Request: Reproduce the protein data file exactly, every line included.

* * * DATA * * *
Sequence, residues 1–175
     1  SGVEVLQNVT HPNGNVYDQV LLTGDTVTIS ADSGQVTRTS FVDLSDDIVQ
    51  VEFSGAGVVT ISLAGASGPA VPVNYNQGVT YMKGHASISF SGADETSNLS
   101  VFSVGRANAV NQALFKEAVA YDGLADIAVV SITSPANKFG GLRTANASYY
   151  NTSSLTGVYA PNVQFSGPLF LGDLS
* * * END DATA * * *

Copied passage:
Sequence, residues 1–175
     1  SGVEVLQNVT HPNGNVYDQV LLTGDTVTIS ADSGQVTRTS FVDLSDDIVQ
    51  VEFSGAGVVT ISLAGASGPA VPVNYNQGVT YMKGHASISF SGADETSNLS
   101  VFSVGRANAV NQALFKEAVA YDGLADIAVV SITSPANKFG GLRTANASYY
   151  NTSSLTGVYA PNVQFSGPLF LGDLS